I know it's close to heresy to suggest that Latin American countries are in any way more advanced than the United States, but there is one area where Mexico and several others may be leading the way.
The family and I recently vacationed in Mexico and were surprised to learn that one of the big issues south of the border was the treatment of circus animals.
The Mexico City legislative body has followed several other Mexican cities in prohibiting the appearance of animals in circuses. The law, which takes effect next year, came after investigations by animal rights groups showed the inhumane treatment of circus animals in that country.
In fairness to the well-run Ringlings and Barnums and Cole Brothers circuses in our own country, Mexico's circuses are often small family affairs and the treatment of animals is often low on the agenda.
A Mexican resident we met was clearly on the side of the ban.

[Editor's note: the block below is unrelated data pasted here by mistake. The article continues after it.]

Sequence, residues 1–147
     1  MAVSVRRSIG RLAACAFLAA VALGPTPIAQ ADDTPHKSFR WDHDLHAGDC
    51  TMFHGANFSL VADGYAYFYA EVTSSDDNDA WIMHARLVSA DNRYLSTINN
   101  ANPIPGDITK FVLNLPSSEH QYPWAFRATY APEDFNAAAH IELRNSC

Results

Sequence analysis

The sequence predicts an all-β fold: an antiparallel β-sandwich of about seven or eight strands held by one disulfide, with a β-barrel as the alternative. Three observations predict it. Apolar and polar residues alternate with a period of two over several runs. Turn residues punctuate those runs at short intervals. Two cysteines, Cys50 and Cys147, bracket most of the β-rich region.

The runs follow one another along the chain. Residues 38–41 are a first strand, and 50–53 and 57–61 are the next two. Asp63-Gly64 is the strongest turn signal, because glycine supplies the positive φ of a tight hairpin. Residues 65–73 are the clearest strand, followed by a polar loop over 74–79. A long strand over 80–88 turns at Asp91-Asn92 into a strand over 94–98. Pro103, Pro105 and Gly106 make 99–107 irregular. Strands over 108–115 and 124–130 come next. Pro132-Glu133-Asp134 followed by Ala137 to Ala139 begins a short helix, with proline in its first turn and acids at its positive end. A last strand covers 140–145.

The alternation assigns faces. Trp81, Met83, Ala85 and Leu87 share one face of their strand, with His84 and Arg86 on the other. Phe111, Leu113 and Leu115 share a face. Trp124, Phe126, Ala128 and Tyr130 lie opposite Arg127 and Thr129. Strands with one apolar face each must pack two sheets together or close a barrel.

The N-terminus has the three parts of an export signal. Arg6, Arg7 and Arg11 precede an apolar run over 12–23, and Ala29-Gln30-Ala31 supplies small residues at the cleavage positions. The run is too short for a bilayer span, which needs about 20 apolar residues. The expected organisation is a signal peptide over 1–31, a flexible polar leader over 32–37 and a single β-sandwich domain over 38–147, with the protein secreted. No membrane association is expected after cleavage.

“It is a very big issue,” he said. “People who go to circuses are very poor and the owners cannot charge very much. It is not a good living. Circus families barely make enough to take care of themselves.''
Supporters of the ban say it is an attempt to restore dignity to animals.
“It isn't in a bear's nature to wear roller skates,'' said one legislator. “It isn't in a tiger's nature to jump through a flaming ring.''
Meanwhile, the head of Mexico's National Union of Circus Owners and Performers lamented the decision in a New York Times interview, saying it would put thousands of people out of work.
“We know how to put on a show without animals, but people don't want to see it,'' he said.
I must admit, though it’s better for the animals I can't disagree. With three children and a few grandchildren, I've been to many circuses over the years and it would be hard to enjoy a circus without animals.
Imagine no elephants, no horses, no tigers, no cute doggies.
The high-wire acts are cool, but after that all we're left with are clowns. Apologies to the Omar Shriners, but I'd never pay to see a bunch of clowns.
Contact Bob Bestler at email@example.com.